Established in 2003, TCWC expanded on its pre-existing living wage advocacy and organizing by adding a workers’ rights component to its work. This program was very much modeled on the Cortland County (N.Y.) Workers’ Rights Board that local unions had established in a nearby community in 1997. Since then, TCWC has worked closely with labor.

S and M at ReCommunity Rally

Organizing
In the past few years, TCWC has been critical in two successful union organizing drives. Both drives started after workers came to TCWC with workplace grievances and we connected them with organized labor. In one case, TCWC connected 35 charter school teachers and other employees with New York State United Teachers (NYSUT), an affiliate of AFT, and with NYSUT’s help achieved voluntary recognition from management. In the other case, workers for a local nonprofit, Tompkins Community Action, had repeatedly over a few years contacted the Workers’ Center with a range of grievances. Finally, TCWC developed, over several months, a strong core of workers interested in unionization and then worked with Painters and Allied Trades (IUPAT) District Council 4 to build and eventually win an organizing campaign and then help the 75 workers win their first contract.
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1,157 Signatures Presented to Tompkins County Legislature: A Living Wage for All County-Contracted Workers!

Over 25 people showed up at the Tompkins County Workers’ Center presentation of 1,157 signatures upon a petition that says that there should be A Living Wage for All Tompkins County-Contracted Workers this past Tuesday, 10/15 at County Legislature.

The petition is ongoing: if you haven’t signed yet and live in Tompkins County, please click here!

Over 175 People Rally at ReCommunity Recycling and Tompkins County Legislature

On September 17th, at the Tompkins County Legislature, and September 27th, at ReCommunity Recycling, over 175 people rallied to show support for our campaign to ensure that all Tompkins County-contracted workers are paid a Living Wage.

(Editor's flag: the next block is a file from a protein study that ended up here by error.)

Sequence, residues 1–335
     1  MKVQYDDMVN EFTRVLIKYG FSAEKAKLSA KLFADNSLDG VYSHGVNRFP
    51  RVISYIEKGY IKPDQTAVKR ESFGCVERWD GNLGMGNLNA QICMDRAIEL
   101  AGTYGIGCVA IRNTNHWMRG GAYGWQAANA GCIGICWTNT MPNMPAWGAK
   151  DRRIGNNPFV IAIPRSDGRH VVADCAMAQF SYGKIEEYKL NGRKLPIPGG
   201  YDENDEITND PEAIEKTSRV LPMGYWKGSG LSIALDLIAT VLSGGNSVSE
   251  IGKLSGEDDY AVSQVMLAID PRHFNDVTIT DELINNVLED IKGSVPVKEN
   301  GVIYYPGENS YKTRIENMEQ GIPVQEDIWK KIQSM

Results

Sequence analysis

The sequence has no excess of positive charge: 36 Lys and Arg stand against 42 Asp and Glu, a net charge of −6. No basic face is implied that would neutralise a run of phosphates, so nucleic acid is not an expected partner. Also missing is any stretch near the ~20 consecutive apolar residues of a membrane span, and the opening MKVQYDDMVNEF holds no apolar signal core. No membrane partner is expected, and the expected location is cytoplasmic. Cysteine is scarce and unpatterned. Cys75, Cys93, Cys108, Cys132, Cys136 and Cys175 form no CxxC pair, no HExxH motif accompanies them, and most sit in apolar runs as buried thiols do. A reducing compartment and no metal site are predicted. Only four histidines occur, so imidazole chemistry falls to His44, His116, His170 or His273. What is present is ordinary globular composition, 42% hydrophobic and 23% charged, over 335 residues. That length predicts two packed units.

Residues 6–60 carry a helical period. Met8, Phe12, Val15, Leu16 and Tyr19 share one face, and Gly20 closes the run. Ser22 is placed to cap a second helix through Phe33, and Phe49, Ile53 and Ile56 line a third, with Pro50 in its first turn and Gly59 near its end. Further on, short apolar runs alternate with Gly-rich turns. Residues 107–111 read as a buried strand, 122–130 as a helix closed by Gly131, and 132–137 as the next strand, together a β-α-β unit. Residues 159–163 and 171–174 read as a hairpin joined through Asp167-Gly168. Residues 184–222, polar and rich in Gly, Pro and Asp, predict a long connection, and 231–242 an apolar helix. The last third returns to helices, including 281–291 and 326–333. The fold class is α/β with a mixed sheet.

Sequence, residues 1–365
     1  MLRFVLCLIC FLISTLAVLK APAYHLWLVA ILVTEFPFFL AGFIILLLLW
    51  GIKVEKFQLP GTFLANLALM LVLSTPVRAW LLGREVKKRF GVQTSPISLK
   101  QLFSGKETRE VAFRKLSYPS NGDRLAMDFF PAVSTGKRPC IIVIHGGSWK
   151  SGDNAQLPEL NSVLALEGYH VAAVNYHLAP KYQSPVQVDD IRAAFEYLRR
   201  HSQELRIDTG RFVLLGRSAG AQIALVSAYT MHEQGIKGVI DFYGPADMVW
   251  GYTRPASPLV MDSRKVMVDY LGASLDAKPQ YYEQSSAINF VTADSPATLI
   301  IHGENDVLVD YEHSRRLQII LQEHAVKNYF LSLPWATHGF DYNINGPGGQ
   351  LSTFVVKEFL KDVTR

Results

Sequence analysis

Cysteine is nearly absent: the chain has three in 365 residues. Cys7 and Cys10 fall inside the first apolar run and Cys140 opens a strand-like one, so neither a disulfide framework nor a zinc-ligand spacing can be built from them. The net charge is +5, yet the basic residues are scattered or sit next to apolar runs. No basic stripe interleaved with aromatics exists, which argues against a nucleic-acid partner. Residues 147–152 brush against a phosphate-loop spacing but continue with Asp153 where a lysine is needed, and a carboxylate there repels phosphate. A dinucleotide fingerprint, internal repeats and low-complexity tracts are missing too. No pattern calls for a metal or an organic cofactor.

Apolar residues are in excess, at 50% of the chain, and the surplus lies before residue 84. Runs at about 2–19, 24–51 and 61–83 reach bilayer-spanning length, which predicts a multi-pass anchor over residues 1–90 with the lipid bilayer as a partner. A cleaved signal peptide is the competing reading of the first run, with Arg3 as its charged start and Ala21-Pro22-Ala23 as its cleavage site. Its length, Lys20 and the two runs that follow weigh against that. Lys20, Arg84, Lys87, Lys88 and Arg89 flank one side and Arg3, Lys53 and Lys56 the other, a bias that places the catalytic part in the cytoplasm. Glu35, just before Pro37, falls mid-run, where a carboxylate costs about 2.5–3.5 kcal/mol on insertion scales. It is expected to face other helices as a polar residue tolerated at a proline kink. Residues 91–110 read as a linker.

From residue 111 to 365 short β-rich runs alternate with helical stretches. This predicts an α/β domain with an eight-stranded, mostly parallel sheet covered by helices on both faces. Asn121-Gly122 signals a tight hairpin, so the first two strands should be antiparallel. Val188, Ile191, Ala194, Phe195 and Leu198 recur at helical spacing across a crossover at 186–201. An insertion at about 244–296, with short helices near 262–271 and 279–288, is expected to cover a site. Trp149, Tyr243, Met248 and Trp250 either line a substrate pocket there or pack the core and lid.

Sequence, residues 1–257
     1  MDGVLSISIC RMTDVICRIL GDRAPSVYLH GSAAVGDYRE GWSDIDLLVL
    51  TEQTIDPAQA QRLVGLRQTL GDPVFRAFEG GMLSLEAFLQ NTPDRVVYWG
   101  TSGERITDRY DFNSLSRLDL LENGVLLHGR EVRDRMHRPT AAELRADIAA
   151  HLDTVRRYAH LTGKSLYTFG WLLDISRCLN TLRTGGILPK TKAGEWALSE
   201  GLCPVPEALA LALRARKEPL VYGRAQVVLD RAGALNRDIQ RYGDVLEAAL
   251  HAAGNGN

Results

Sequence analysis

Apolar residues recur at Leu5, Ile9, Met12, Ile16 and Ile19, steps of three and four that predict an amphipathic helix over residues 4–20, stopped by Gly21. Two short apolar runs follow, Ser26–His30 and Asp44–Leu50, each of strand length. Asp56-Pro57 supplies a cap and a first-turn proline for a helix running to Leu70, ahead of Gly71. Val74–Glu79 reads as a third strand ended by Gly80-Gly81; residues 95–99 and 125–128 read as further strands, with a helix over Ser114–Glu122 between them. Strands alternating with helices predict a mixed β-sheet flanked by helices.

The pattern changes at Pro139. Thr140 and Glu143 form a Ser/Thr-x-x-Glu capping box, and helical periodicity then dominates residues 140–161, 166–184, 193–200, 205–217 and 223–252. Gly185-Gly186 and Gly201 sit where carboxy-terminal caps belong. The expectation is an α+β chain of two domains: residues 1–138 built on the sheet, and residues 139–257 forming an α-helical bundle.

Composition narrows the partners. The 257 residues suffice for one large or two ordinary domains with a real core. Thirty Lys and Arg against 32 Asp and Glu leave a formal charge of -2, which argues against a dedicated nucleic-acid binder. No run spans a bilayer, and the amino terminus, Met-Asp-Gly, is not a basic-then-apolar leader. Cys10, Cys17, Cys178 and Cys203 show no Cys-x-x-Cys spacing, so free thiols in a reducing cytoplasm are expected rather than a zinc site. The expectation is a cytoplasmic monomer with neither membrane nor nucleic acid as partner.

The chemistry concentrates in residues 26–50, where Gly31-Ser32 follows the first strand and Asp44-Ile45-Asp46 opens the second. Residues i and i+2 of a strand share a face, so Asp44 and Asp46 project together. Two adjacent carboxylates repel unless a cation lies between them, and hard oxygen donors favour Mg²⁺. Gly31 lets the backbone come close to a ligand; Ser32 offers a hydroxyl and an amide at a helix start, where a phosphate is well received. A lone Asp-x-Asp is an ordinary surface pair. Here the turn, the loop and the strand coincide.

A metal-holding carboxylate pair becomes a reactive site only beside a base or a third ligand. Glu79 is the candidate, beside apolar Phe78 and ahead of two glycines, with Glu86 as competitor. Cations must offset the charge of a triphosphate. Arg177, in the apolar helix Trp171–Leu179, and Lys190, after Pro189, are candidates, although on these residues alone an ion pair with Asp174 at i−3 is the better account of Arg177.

S and M at ReCommunity Rally
ReCommunity Recycling Workers, Milton Webb and Stanley McPherson, join with over 85 others at a Rally in front of ReCommunity on Friday, September 27th.

Living Wage Rally
County Legislator, Kathy Luz Herrera, speaking at Rally in front of County Legislator on a need for a Living Wage for all County-contracted workers.

At the September 17th rally, County Legislator, Kathy Luz Herrera had the following to say: “This is an investment in community. Paying contractors a living wage is something we should do as a matter of course. That we have to fight for it shows how broken our system is. I think the legislature is going to come through and understand that to build community here, to build the economy here, for people, not for corporations, we need to pay a living wage.”
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Over 400 People Attend 30th Annual Labor Day Picnic: List of Awards

(ITHACA) Over 400 community members gathered today to enjoy 30th annual free Labor Day picnic at Stewart Park in Ithaca today. The event was sponsored by the Midstate Central Labor Council, AFL-CIO, and the Tompkins County Workers’ Center. Workers and families were joined by faith and community leaders to honor Labor Day, to celebrate solidarity and to recognize the contributions workers make to our community every day.